Many times I have been told to start from the sholder and slide down to the wrist in a munetski attack. I always was unable to do this. During this session I tenkaned so I was slightly further from the uke. This change in distance allowed me to aim for the arm first the slide down to the wrist without crowding myself. Catching the wrist after sliding down the arm did two things. One: When catching the wrist, my energy helped in drawing Uke's energy forward more than he wished. This took uke off balance with no effort from me (other than the effort it took to catch his wrist in the proper manner). Two: This breaking of his balance in such a way enabled me to execute the rest of the technique with little effort due to the more rooted stance I was in, all because I grabed the wrist properly.
We worked on moving into a pin with Ki. Sensei showed me how tense I was while moveing into a kneeling pin. This is something we were working on in the seminar as well. It was a good reminder.
At the end of class I got sensei to throw me into a few break fall
Sensei still hasn't opened the dojo yet, but since we're nieghbors out at the beach I had the opportunity for him to throw me into the water a couple of times. The water there stays very shallow for quite a ways. We just got to a spot where we were ankle deep and he proceeded to throw me. The throws we were doing resulted in breakfalls. It was great because it has been along time since I had done any breakfalls and the ankle deep water was a fantastic cushion. no matter how hard he threw me, or how bad my ukemi, it was quite painless. After several throws I started to feel more comfortable and better at breakfall ukemi. I think I would like to try more on the mat when we all get back to the Dojo.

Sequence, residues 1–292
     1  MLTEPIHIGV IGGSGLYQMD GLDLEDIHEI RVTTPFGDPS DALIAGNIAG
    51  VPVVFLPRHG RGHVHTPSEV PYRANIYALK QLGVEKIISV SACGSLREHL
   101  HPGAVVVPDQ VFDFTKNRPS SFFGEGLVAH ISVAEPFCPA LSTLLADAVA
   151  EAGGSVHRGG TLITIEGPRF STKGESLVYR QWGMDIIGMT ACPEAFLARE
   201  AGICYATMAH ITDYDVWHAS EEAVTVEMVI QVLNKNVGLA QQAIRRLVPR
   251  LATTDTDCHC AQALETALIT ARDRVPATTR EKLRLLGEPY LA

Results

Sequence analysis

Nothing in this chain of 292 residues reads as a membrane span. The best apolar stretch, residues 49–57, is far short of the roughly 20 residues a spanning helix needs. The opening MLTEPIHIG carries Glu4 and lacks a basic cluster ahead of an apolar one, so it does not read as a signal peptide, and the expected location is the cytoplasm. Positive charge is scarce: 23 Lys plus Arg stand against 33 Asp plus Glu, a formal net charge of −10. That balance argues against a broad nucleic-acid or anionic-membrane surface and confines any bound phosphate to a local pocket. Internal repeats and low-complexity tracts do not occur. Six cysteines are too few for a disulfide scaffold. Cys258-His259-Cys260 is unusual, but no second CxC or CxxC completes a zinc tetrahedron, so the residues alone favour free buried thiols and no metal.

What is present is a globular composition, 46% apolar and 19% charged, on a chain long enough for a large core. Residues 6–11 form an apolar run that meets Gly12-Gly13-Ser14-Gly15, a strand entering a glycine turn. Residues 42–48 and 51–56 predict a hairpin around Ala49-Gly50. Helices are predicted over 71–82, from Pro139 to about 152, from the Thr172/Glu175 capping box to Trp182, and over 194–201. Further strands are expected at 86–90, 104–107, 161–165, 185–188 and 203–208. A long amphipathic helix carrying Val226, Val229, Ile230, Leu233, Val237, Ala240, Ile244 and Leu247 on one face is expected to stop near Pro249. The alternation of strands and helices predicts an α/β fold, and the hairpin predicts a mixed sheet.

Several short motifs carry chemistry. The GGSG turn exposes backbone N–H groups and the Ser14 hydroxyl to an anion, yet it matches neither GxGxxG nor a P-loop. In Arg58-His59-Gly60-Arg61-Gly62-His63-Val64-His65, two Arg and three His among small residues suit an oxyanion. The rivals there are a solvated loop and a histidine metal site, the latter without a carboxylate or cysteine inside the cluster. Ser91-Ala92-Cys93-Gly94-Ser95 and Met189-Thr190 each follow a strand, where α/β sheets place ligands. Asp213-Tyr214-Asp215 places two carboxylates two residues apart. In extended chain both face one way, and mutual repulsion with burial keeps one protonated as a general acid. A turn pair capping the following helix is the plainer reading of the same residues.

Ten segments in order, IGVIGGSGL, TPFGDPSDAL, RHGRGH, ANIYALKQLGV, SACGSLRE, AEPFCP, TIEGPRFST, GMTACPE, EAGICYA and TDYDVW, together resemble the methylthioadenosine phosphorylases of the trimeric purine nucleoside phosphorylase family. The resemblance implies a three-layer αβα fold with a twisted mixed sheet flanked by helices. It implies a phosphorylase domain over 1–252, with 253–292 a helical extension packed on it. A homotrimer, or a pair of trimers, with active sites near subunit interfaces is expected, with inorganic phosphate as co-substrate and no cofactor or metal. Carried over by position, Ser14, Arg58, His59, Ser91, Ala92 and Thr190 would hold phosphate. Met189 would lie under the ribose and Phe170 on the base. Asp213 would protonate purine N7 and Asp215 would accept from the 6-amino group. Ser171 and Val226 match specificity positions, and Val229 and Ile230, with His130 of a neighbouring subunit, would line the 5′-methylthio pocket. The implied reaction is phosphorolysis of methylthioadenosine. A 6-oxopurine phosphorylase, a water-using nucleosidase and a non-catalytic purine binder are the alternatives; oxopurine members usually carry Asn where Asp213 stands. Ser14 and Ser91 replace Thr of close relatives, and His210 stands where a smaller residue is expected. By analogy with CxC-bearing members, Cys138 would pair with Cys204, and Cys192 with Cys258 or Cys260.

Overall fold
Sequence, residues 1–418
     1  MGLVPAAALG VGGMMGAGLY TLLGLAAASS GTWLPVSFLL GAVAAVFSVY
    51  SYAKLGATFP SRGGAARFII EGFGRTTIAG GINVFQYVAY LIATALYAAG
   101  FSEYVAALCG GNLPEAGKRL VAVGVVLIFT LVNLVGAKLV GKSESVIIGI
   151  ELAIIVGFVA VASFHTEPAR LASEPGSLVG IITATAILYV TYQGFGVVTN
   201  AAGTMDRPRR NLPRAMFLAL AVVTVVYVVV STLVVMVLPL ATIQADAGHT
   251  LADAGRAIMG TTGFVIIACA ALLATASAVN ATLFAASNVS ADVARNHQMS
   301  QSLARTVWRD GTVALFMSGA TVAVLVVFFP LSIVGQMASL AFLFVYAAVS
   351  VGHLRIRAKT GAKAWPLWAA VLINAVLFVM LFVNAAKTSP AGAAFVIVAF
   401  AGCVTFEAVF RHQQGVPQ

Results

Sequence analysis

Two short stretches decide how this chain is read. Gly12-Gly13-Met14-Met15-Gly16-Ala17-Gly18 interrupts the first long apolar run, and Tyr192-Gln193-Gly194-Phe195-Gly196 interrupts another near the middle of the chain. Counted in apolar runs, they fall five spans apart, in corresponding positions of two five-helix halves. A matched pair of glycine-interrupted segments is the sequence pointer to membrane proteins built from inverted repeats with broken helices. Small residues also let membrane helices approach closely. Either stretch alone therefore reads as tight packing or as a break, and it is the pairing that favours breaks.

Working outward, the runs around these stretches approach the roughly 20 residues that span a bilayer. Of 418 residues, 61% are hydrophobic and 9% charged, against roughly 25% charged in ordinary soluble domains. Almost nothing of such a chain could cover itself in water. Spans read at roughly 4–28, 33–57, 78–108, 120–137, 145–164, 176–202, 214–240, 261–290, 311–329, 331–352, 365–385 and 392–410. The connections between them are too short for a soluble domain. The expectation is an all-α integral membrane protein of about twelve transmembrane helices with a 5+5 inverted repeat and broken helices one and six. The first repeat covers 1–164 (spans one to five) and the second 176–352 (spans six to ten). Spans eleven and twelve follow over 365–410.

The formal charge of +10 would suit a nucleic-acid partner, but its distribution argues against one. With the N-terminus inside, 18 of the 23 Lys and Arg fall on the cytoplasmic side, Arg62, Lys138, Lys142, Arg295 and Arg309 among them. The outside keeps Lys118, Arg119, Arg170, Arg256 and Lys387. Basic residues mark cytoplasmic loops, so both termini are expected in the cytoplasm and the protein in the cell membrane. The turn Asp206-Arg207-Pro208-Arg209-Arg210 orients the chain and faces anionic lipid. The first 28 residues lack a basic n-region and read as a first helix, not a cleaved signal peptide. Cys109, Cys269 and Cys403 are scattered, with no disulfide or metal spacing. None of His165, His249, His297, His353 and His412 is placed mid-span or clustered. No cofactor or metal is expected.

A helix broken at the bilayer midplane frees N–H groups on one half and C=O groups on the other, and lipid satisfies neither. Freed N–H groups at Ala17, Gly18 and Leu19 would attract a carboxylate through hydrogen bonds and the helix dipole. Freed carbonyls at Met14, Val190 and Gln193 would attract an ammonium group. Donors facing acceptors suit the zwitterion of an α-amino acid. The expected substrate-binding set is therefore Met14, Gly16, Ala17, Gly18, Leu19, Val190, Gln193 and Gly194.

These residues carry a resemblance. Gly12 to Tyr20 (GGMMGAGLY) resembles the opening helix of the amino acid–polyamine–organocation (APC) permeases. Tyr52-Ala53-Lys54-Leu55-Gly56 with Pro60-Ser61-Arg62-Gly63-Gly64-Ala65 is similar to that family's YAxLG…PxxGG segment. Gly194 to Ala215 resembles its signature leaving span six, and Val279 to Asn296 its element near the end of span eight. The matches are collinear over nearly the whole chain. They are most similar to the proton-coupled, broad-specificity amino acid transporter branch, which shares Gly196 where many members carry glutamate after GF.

It sounds like we're going to have a few more bodies on the mats this year. The more the marrier.
The seninar is over. I learned a lot again, but I unfortunately have not been able to practice what I have learned. Senseis knee has yet not healed and the dojo has`n't been open since the seminar. I'm considering approaching the Aikikai Sensie to see if I can start training with then again. It's a little harder on my body, but as Jamie says "No pain no gain". I'll just have to try and take care not to go too gung ho with the training there.
Aside from that I was tested and passed my 4th kyu test. I spent three 12 hour days prior to that installing hard wood floors in my house. I was so bagged, stiff, and sore I could barely concentrate. I messed up so many times with little things that usually come very easy to me that I'm supprised I passed. Sensei said I did very well regardless so it's on to the next leg of my training.
We were working on Katatatori Kotagiashi tenkan (I think!?), and I'm having a tough time making the turn to Kotegiashi. As I spin for the turn I tend to lose balance, and 9 times out of 10 my ass clips uke which screws the whole technique. I am pretty sure it's because I am not using my legs to get lower. I tend to bend over at the hips instead and, bang, my ass runs into uke. When I try to use my legs I find it makes the spin difficult to the point that I don't make a complete enough turn, therefore ending up out of position for a proper kotegiashi. I am not sure if foot placement will help in the technique or not. I'm hoping our, soon to be visiting sensei, will be able to help with it.
well at least now when my sensei asks me "Is there is something spacific I would like to work on"? I will have a definite answer.